10 Dog Skin Conditions To Watch Out For, According To A Vet
Have an itchy dog? These could be the reasons 🐶
Do you think your pup might be suffering from a skin condition?
Most skin conditions actually have very similar symptoms. Your vet can help you diagnose and treat your pet, but in the meantime, it’s a good idea to become familiar with the range of skin issues that commonly affect pups.
We reached out to Dr. Corinne Wigfall, a veterinarian working with SpiritDog Training, to learn more about the different kinds of dog skin conditions.
Common signs of skin conditions in dogs
Dr. Wigfall offered tons of different signs you’ll probably spot if your pup has a skin condition:
- Itching or scratching constantly
- Hair loss
- Flaky or crusting skin
- Brittle nails
- Red or pink patches on the skin
- Any sort of discharge on the skin: clear, red, white, green, gray or black
- Itchy ears
- Small red bumps on the skin, most commonly seen on the belly
- Flea dirt (most often seen around the base of the tail)
- Licking or sucking at the toes
- Pink or brown staining of the feet (look at the underside where the pad is)
- Scabs, pustules or boils on the skin
- Smelly skin
Most common dog skin conditions
While there are tons of different skin conditions that can affect your pup, these are some of the most common ones among dogs.
If your dog gets bit by fleas, she can have an allergic reaction known as flea allergy dermatitis. This can affect your pup by causing inflamed skin, bald spots, increased licking and possibly infected sores on the area where she was bit.
Similarly, Dr. Wigfall said other ectoparasites, such as mites and ticks, can cause similar reactions in dogs.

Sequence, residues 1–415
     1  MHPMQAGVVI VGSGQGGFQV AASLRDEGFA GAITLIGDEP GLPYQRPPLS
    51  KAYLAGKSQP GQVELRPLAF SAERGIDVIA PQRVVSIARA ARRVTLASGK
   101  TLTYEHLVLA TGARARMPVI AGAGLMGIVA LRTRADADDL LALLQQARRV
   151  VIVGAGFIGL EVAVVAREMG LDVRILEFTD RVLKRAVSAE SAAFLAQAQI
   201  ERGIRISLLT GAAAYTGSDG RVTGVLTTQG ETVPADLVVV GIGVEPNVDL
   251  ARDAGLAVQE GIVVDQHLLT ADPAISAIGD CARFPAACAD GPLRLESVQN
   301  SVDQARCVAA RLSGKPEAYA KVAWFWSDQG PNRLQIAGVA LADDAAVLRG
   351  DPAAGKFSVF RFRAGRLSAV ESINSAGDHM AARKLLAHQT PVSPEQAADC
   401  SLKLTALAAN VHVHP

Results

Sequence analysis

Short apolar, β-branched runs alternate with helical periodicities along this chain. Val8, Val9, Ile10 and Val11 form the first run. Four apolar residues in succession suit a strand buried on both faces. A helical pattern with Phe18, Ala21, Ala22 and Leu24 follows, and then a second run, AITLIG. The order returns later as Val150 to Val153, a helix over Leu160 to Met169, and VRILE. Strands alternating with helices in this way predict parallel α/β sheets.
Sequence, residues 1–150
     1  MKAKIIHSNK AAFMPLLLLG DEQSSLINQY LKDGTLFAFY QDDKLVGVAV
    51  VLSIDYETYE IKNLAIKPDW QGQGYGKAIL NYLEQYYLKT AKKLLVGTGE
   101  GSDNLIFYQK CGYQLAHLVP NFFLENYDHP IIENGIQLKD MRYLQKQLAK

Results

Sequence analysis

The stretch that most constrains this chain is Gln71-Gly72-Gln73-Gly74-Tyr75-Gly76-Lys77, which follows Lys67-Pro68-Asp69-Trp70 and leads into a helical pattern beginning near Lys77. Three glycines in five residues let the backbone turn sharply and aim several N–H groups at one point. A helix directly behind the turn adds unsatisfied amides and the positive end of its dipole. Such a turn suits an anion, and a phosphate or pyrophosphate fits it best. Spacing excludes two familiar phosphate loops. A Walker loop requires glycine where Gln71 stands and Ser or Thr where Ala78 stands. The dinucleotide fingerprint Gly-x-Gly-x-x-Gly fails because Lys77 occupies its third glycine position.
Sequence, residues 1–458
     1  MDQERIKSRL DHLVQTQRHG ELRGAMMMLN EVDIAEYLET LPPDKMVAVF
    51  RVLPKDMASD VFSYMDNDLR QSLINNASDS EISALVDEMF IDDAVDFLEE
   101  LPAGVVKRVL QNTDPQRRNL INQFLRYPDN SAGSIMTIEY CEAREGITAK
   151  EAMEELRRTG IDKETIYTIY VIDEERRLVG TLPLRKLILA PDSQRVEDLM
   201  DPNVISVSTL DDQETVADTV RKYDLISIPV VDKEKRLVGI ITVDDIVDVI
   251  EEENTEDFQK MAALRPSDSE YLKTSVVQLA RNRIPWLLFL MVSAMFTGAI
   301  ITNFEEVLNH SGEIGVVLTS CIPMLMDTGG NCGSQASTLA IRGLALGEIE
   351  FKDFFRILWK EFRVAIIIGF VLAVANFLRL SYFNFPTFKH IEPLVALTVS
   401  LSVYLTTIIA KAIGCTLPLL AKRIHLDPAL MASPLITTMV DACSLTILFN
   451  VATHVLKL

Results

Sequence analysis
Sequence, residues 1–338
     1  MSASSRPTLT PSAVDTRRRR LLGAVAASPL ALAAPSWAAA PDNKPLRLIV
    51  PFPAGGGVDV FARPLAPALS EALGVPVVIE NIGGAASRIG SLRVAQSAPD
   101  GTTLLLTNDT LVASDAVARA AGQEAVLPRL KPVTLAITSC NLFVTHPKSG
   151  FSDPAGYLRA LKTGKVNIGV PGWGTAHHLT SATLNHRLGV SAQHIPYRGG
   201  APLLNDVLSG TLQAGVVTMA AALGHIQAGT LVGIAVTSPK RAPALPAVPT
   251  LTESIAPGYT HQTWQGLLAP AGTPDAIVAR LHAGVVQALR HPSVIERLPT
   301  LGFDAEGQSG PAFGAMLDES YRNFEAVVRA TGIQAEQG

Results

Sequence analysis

Just as humans can suffer from seasonal allergies, so can dogs. This means your pup’s allergic to something that pops up seasonally, like pollen, that can result in obsessive scratching, itching or chewing.
Also known as environmental allergies, atopic dermatitis is when your dog’s allergic to things in her environment, like dust, as a result of having a defect in her skin barrier. If your pup has this skin condition, you’ll likely notice signs such as itching, inflammation, and patchy and red skin.
If your dog’s allergic to an ingredient in her food (like beef, chicken or soy), she could be showing signs of a food allergy. The most common ones include itchiness on her face, paws, belly or butt, fur loss, and recurring ear infections.
A common bacterial infection, pyoderma (also referred to as impetigo in younger puppies) can look like pimples on your dog’s skin. “These infections are often a secondary component to primary allergies,” Dr. Wigfall told The Dodo.
Yeast infections can happen anywhere on your pup, including on her belly, ears or paws. Common signs include crusty skin; a distinct, musty odor; and tons of itching. Yeast infections are also more common in dogs who have flaps or wrinkly skin because the infection can fester in those areas.
If your dog has an ear infection, this can affect the outer, middle or inner canal. You may notice swelling on your pup’s ear and maybe even some discharge. “These are often related to underlying skin allergies, but owners may not realize this at first,” Dr. Wigfall said.
If your dog’s hair follicles become inflamed, that’s a sign of folliculitis. One of the most common skin infections your dog can get, folliculitis can lead to signs such as dark spots on your dog’s skin, reddish swelling and pain around the affected area(s).
A skin disease caused by parasitic mites, mange can present itself with hair loss, itching and skin infection.
There are two different kinds of mange that your pup can get, sarcoptic mange (which is when your dog is infected with the Sarcoptes scabiei mite) and demodectic mange (which is when the mites actually move in and live on your dog’s skin).
Growths on the skin
Another common skin condition that almost all dogs will have at some point is bumps on the skin, ranging anywhere from harmless lipomas (fatty tumors) to cancerous tumors to warts and cysts.
If you think your dog has a skin infection, your best bet is to contact your veterinarian to see exactly which one it is and how to treat it.